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In Act Three, Scene Three, how does Iago- through his actions and words- convince Othello that Desdemona and Cassio must die

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Introduction

In Act Three, Scene Three, how does Iago- through his actions and words- convince Othello that Desdemona and Cassio must die? In Act Three, Scene Three of 'Othello', by William Shakespeare, the main theme is Iago's plan to convince Othello of Desdemona's infidelity with Cassio; and ultimately get them punished. By the end of the scene, Iago has succeeded in his malicious plan and Othello is sure that Cassio and Desdemona must be killed. Iago manages to do this through skilfully using his ability to manipulate and entrap Othello into having total faith in his words. In the beginning of the scene, Iago plays on Othello's already slightly suspicious mind (due to previously telling him that he suspects Desdemona is sleeping with Cassio) by muttering: "Ha! I Like Not That"; when Cassio leaves Desdemona's side just as Iago and Othello arrived. Othello, having not fully heard what Iago said asks Iago to repeat it, and Iago replies by saying he didn't say anything, which obviously would make Othello suspicious. Othello asks if it was Cassio who left from Desdemona's side, although he most likely knew that it was Cassio, as he would have seen him. ...read more.

Middle

Iago then says: "Note if your lady strain his entertainment with any strong or vehement importunity- much will be seen in that." Here, Iago is telling Othello that if Desdemona pleads on Cassio's behalf for his reinstatement, then Othello should see this as a sign of their relationship. Othello doesn't know, however, that Iago has already told Cassio that he should try to get reinstated by asking Desdemona to plead on his behalf; therefore Iago has set a trap that he knows will succeed. In this scene, we are also made aware that Iago has asked Emilia to steal Desdemona's handkerchief (that Othello gave her) just because he likes it, or so Emilia thinks. When Emilia gives the handkerchief to Iago, his plan is revealed and we realise why he actually wanted it so desperately. He tells us that he will place the handkerchief in Cassio's lodging, and let him find it. This means Cassio will be in possession of Desdemona's handkerchief, which could look highly suspicious. Iago says that: "Trifles light as air are to the jealous confirmations strong as proofs of holy writ." This means that the smallest, seemingly insignificant thing can in fact make a huge difference to a jealous mind and be the 'final straw' in swaying their suspicions to certainty. ...read more.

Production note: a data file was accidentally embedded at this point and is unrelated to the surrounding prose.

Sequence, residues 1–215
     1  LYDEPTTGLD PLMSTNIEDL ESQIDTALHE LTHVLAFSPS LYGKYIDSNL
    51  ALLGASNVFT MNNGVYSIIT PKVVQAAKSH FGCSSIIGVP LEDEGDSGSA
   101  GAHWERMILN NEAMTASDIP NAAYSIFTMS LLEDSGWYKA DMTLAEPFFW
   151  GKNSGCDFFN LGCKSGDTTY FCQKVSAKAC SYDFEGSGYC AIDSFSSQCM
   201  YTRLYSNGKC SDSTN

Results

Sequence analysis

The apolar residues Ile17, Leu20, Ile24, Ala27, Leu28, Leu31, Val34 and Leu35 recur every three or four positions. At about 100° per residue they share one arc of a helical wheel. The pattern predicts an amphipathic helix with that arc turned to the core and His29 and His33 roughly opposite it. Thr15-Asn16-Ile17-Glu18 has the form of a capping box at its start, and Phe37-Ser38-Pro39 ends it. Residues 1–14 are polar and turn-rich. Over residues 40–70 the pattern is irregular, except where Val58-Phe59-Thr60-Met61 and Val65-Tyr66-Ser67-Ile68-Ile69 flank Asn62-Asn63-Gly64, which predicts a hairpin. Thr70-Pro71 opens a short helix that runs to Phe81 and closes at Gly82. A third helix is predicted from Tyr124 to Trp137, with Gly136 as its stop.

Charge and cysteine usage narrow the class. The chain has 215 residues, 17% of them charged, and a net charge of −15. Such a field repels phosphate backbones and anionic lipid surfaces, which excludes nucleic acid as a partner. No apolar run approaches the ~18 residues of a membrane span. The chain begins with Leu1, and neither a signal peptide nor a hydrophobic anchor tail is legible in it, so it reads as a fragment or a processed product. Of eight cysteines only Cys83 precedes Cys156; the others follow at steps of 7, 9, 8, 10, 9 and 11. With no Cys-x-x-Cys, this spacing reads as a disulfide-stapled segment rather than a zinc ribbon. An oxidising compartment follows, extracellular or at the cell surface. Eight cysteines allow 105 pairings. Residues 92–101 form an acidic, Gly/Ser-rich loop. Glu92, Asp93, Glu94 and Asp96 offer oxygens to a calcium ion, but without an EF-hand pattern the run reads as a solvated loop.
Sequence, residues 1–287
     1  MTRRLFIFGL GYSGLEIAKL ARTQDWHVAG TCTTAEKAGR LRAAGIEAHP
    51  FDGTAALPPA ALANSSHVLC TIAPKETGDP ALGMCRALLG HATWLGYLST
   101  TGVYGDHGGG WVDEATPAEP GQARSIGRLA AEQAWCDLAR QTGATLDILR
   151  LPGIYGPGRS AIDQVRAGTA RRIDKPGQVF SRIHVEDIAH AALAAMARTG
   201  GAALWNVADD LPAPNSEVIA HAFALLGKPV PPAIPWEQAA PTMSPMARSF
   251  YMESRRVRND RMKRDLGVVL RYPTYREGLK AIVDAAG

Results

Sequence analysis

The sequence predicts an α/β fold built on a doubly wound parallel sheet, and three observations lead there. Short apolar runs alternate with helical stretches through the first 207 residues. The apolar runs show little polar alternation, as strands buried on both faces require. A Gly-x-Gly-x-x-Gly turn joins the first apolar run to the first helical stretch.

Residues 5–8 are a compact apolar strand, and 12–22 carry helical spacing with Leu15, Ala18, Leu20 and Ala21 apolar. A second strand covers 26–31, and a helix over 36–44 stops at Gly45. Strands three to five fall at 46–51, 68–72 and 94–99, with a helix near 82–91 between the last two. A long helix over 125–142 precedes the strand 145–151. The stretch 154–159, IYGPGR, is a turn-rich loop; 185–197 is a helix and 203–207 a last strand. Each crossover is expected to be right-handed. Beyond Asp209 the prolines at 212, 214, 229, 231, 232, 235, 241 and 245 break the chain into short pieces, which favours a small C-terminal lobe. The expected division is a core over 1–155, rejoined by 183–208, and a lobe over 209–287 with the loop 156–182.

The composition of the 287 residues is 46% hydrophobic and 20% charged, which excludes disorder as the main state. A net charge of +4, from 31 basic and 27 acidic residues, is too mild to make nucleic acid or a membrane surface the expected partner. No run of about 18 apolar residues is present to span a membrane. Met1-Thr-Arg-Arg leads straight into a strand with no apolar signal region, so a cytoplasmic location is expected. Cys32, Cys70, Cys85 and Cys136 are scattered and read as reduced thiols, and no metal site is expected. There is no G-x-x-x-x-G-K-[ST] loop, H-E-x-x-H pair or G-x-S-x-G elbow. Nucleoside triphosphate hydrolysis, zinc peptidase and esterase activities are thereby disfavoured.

Conclusion

We are therefore told that both Desdemona and Cassio are going to be murdered. It is only at the very end of the scene when Othello decides that Desdemona and Cassio must die. Throughout the scene Iago's sly comments and suggestions build up inside Othello's suspicious mind, until he is completely convinced Desdemona and Cassio are having an affair, and the only way to prevent himself looking a Cuckold and a fool will be to have them both killed. Through small but effective hints and stories about Desdemona and Cassio, like Cassio's supposed dream, Iago leads Othello to believe that there is no other possibility but that they are in a relationship. Iago's malicious intent means he will say almost anything to make Othello believe that what he is telling him is true, fooling Othello into having complete trust in Iago. Iago not only skilfully traps Othello in his web of lies, but also makes it inevitable for Desdemona and Cassio to look suspicious one way or the other- like with the handkerchief or Desdemona pleading for Cassio's reinstatement. This all adds to Othello's growing doubt of Desdemona's fidelity until he is certain that she, and Cassio, must die. ?? ?? ?? ?? Asha Greaves 1 ...read more.

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